STOP THE OFF-SEASON EATING INSANITY
Doesn’t it make sense that if you change your training, then you should change your eating? The normal winter habit of “taking a break from training” by dropping volume, reducing intensity AND eating the same or MORE carbohydrate is killing your race season performance. STOP THE INSANITY! The pursuit of optimal health and human performance is a year round endeavor!
Never fear, for a typical age group endurance athlete training less than 10 hours a week in the warmer months, this isn’t as drastic as it sounds. The key is realizing that your carbohydrate needs drop when your workout volume drops. Also, as long as you’re doing strength work twice a week and some speed in the winter (you are doing both of these right?) then your protein and fats stay the same or even increase a bit. Another way to understand this idea is that you have to keep your training and nutritional focus on anabolic, muscle and health building, overdrive. That means training for strength, speed and power and eating meals that keep your insulin stable and kick your hormone system into that anabolic state of rebuilding lost muscle tissue, burning fat and boosting your immune system.
Here are some simple nutritional guidelines to help you achieve this optimal off-season flux:
- Protein: Consume high quality non-denatured (not destroyed) lean protein 5-6 times a day. Eat enough to equal 1 gram protein/lb of lean mass a day. Protein should be the first macronutrient you are concerned with. This quantity is for those of you actually lifting and/or doing speed. Eat less if you are not doing these activities.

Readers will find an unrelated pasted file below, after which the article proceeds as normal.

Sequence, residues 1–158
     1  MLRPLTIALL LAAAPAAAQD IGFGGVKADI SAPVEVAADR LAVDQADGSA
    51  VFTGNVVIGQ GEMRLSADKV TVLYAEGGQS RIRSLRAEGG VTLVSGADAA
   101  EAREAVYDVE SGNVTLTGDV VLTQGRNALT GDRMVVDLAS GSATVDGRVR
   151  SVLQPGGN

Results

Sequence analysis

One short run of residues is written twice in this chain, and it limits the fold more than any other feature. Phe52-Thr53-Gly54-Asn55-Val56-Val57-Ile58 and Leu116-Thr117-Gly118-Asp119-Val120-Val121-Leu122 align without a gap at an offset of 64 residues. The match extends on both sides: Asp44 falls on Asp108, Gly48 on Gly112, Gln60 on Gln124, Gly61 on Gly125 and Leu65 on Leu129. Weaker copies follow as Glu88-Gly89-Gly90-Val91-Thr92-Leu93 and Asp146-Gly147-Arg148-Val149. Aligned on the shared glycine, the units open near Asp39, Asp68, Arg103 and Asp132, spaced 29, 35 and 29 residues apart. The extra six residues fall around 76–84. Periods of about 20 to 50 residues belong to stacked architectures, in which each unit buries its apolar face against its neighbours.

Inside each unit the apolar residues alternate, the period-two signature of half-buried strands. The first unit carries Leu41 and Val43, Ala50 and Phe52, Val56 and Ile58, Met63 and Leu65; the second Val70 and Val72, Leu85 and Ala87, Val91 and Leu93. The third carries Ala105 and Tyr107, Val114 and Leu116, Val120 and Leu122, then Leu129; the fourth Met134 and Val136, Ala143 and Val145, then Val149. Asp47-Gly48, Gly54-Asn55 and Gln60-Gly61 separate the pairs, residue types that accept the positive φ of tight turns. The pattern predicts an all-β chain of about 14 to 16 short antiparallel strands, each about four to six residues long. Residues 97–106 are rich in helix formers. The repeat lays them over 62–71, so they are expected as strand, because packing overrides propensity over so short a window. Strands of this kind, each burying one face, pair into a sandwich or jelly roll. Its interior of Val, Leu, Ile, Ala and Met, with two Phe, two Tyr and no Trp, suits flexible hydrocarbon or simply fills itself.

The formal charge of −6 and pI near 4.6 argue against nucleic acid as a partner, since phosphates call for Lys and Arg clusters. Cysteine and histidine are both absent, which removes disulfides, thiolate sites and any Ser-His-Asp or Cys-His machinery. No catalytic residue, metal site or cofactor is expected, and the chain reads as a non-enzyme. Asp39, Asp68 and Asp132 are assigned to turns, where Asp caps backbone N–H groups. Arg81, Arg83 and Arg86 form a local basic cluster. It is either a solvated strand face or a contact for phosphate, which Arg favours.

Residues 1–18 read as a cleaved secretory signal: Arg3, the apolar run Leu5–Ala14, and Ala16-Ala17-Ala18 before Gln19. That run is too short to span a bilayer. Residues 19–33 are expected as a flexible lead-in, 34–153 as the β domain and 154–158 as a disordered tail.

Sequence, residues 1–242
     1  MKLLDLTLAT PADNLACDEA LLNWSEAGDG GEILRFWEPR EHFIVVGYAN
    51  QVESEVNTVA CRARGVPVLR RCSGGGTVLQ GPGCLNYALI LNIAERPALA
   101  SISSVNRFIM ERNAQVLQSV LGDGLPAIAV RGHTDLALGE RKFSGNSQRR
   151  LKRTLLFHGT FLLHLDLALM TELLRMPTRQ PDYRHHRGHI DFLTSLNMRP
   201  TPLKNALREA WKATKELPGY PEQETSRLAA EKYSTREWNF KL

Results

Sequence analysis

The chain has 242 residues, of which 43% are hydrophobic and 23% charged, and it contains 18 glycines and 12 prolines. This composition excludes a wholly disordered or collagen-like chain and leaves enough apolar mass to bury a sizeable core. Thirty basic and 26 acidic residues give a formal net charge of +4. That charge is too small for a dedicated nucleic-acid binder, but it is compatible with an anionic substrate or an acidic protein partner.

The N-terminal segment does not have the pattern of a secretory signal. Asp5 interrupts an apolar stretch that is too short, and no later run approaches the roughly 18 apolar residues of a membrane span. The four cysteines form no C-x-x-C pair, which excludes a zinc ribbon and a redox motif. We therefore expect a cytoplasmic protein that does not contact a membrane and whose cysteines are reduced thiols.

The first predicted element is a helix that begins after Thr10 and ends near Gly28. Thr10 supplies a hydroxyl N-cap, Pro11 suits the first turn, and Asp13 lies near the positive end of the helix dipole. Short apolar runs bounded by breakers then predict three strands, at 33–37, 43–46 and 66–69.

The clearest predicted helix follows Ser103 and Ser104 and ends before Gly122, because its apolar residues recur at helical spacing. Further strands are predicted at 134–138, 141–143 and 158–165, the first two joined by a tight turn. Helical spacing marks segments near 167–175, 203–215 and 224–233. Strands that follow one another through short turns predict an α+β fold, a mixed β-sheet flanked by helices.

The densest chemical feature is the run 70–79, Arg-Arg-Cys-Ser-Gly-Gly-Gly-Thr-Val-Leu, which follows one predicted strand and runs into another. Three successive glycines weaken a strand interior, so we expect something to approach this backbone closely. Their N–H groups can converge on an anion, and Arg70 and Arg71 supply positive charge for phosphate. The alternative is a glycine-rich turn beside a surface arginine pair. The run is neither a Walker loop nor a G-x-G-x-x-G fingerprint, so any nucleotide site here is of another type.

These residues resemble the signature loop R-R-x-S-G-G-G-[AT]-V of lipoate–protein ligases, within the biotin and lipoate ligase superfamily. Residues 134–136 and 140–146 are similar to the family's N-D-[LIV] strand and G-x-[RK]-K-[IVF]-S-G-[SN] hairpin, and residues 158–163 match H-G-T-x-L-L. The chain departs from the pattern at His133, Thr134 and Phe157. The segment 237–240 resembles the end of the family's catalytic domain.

- Fat: Eat fat to lose fat, boost anabolic hormones and stabilize insulin. Eat omega 3 based fats with most meals. Put flax seed or mixed plant oil into at least 1 or 2 protein shakes a day. 1 TBS /50 lbs of bodyweight/day is the maintenance dose. Double if you have joint or inflammation problems
- Carbs: refuel muscle tissue properly right after workout so you don’t starve later! Recovery drink or shake within 30 minutes of workout. Within the next 60-90 minutes eat a solid meal with an extra serving or two of dense carbs like fruit, yams, squash, red potatoes. All other meals only require one serving of carbohydrate, if any! Daily intake of at least 90% produce based carbs with no more than 10% whole grain! Eat a big dark green salad everyday.
- Fluids and fiber: drink half your bodyweight in ounces of water a day. That does not include during and post workout fluid. Take a fiber supplement once or twice a day with meals (although not before a run!)
- Meals: Focus on protein and produce and some fats like olive oil, nuts, sharp cheese to feel fully satisfied. Eat until you are full. Eat extra carbs only after workouts.
- Each protein dose, when accompanied by a small amount of low glycemic carbs, releases growth hormone and glucagon (the opposite of insulin). This sets up the body to burn fat throughout the day.
- Metabolic efficiency! The focus on protein, fats and produce teach the body to live off its own carbs stores and finally burn fat more easily because it has to. This transfers over to being able to burn fat longer and in greater quantities in training during longer and slower workouts when you add them in later. SWEET!
- Your insulin becomes more stable, sensitive and efficient so your body doesn’t need as much of it as it used to in order to process carbs.
- Feel more satiated, recover better from workouts, improve sense of health and wellbeing dramatically, don’t get sick much, strongly curbs carb cravings and you sleep better.
The smartest athletes will use the off-season as a time to rebuild their bodies. After 4-8 weeks of resting, then eating and training in an anabolic pattern will get the body lean, mean and ready for a full season of specific endurance work. Cheers to a wise winter!
by Debbie Perry
Certified Sports Nutrition Advisor
USA Triathlon Certified Coach
Colgan Power Program Strength Trainer
Local Elite Runner/Triathlete
This entry was posted
on Thursday, February 24th, 2011 at 4:13 pm
and is filed under Nutrition, Sports Medicine, Training, Utah Running, Winter Running.
You can follow any responses to this entry through the RSS 2.0 feed.